A Ministry of Accompaniment

A Conversation with Sister Nancy Corcoran

Stand in solidarity with and support lesbian, gay, bisexual, and transgender (LGBT) persons in our quest for inclusion and justice, knowing that Jesus welcomed everyone to the table respecting the dignity of every human person.
(Church, the People of God: Acts of Chapter 2013)

Sister Nancy’s time in campus ministry introduced her to individuals who challenged her to see gender in a new way. She committed to expand her knowledge and experiences with gender identity issues, and today, S. Nancy defines her ministry as one of presence and accompaniment with LGBTQIA (Lesbian, Gay, Bisexual, Transgender, Queer, Intersex, Asexual) folks.

How did your interactions with students plant the seed for your current ministry?

In the summer of 2007, I joined the Wellesely College Interfaith Chaplaincy as the Catholic chaplain. My first concern was to create a community that was welcome to all Catholic students. I noticed immediately that the students manifested gender in ways of which I had never thought. Some students would appear very feminine, and the next time I met them their dress was definitely masculine. A woman’s college, we were graduating a couple of trans-men every year. The gender non-conforming students began to educated me by offering me books to read. I remember that first one was Gender Outlaw by Kate Bornstein … and my world enlarged.

Then you did research on gender identity during your sabbatical?

I retired from the college in 2015 and asked Province Leadership for a sabbatical to explore ministry with gender fluid (ultimately LGBTQIA) folks. New Ways Ministry's Executive Director Francis DeBernardo and Jeannine Gramick, SL introduced me to Luisa Derouen, OP who had ministered with transgender humans since 1998. Luisa became my mentor. My sabbatical revolved around hanging with transgender humans, attending national transgender conferences, auditing a course at Washington University on

Transgender History with Dr. Amy Cislo Eisen, and lots of research (reading, viewing and listening).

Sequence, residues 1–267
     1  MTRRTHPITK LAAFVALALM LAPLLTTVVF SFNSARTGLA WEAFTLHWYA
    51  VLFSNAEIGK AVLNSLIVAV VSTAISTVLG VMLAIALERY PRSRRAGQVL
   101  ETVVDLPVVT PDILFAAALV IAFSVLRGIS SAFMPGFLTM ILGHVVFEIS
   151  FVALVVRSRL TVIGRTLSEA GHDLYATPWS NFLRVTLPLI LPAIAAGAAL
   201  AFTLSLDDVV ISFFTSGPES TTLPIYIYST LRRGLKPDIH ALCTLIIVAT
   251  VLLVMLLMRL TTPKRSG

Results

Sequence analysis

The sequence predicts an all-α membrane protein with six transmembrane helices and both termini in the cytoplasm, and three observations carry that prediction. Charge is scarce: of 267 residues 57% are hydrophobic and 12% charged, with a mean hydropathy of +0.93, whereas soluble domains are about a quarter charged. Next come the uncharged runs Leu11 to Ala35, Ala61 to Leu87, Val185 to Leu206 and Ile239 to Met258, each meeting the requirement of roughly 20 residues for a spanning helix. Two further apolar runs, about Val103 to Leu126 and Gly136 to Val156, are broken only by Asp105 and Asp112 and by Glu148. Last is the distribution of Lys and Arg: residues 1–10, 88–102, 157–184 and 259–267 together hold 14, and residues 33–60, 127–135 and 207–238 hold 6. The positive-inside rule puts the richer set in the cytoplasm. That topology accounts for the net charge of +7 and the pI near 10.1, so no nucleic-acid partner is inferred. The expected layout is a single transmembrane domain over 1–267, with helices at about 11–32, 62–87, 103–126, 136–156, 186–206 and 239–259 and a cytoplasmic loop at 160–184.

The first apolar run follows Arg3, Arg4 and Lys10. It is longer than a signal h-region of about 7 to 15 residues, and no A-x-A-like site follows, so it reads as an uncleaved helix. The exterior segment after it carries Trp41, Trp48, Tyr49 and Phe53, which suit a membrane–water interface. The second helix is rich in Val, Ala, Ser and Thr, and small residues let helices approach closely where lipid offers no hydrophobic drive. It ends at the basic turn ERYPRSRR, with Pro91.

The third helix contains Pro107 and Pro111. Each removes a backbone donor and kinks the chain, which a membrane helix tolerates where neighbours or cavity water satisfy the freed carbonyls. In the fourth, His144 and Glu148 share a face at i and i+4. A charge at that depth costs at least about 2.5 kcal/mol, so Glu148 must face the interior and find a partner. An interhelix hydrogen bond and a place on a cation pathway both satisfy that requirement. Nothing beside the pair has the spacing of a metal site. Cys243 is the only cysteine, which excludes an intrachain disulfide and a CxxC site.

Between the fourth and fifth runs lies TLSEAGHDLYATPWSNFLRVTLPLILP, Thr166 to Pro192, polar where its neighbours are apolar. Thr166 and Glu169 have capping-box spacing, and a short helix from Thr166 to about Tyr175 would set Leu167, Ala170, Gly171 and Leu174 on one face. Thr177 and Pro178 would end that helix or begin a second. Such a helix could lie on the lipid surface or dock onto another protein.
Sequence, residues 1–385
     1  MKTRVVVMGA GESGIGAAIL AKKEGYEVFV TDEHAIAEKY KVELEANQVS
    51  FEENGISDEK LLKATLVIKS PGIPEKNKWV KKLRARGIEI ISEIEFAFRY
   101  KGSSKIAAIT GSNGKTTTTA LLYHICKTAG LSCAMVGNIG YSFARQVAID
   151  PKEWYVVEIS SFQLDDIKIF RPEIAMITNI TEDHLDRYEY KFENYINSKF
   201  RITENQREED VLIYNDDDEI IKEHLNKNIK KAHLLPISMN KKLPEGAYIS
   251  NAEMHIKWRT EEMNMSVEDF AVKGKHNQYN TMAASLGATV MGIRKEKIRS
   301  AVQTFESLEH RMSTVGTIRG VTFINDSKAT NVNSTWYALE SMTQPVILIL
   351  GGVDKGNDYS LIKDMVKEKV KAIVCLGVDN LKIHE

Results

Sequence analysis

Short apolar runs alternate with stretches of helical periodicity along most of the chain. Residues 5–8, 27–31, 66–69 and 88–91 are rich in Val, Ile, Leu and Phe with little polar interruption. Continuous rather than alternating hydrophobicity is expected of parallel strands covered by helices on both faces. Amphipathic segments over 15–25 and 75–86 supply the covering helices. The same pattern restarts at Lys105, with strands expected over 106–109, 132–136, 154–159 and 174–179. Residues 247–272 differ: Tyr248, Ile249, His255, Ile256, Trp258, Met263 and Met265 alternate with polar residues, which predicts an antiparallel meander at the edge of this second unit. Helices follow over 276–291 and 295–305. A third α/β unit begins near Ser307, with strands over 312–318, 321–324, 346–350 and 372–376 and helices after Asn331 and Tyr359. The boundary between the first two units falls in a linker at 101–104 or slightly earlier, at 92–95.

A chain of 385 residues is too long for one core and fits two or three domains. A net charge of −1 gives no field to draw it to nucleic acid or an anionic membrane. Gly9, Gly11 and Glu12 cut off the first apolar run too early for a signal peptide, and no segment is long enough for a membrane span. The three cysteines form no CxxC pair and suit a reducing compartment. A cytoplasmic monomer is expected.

In your current ministry, do you work mostly with groups or individuals?

I define my ministry as one of presence and accompanyment. The Metro Trans Umbrella Group (MTUG), PFLAG (Parents, Families and Friends of Lesbians and Gays) meetings, the TransParent organization, the Trans Spectrum Conference (STL), and the Barnes/Jewish Children's Gender Clinic claim a majority of my time and talent. I find that my energy centers around presence with the families of trans humans at meetings or privately. I have become more aware of the awesomeness of unconditional love of families who accept their children for whom they (the child) know themselves to be. The integrity of transgender individuals, their desire to pay whatever the cost of becoming who they know themselves to be, challenges me to become my best self.

Is any of your work with directly with the Church community?

I define church as the People of God, so yes, my ministry deals directly with the church. The hierarchical clerical system of the Roman Catholic Church has offered weak understandings of the issues surrounding gender. The presentations on transgender sponsored by the Catholic church in our diocese lack intellectual rigor and concentrate on unenlightened dogma. Neither is helpful. I am now in dialogue with them to help them update their information.

How do you see your ministry as an expression of the CSJ mission, especially in light of the Acts of Chapter?

At our 2013 CSJ Congregational Chapter in Los Angeles, we as a congregation recognized the ignorance and intolerance surrounding humans who claim membership in the LGBTQIA communities. We promised to stand in solidarity and support, especially these folks in our quest for inclusion and justice, knowing that Jesus welcomed everyone to the table, respecting the dignity of every human person. We believe where one of us is, we all are present. I am proud to be one of the sisters who walks with members of communities who show us the multiple ways to be human.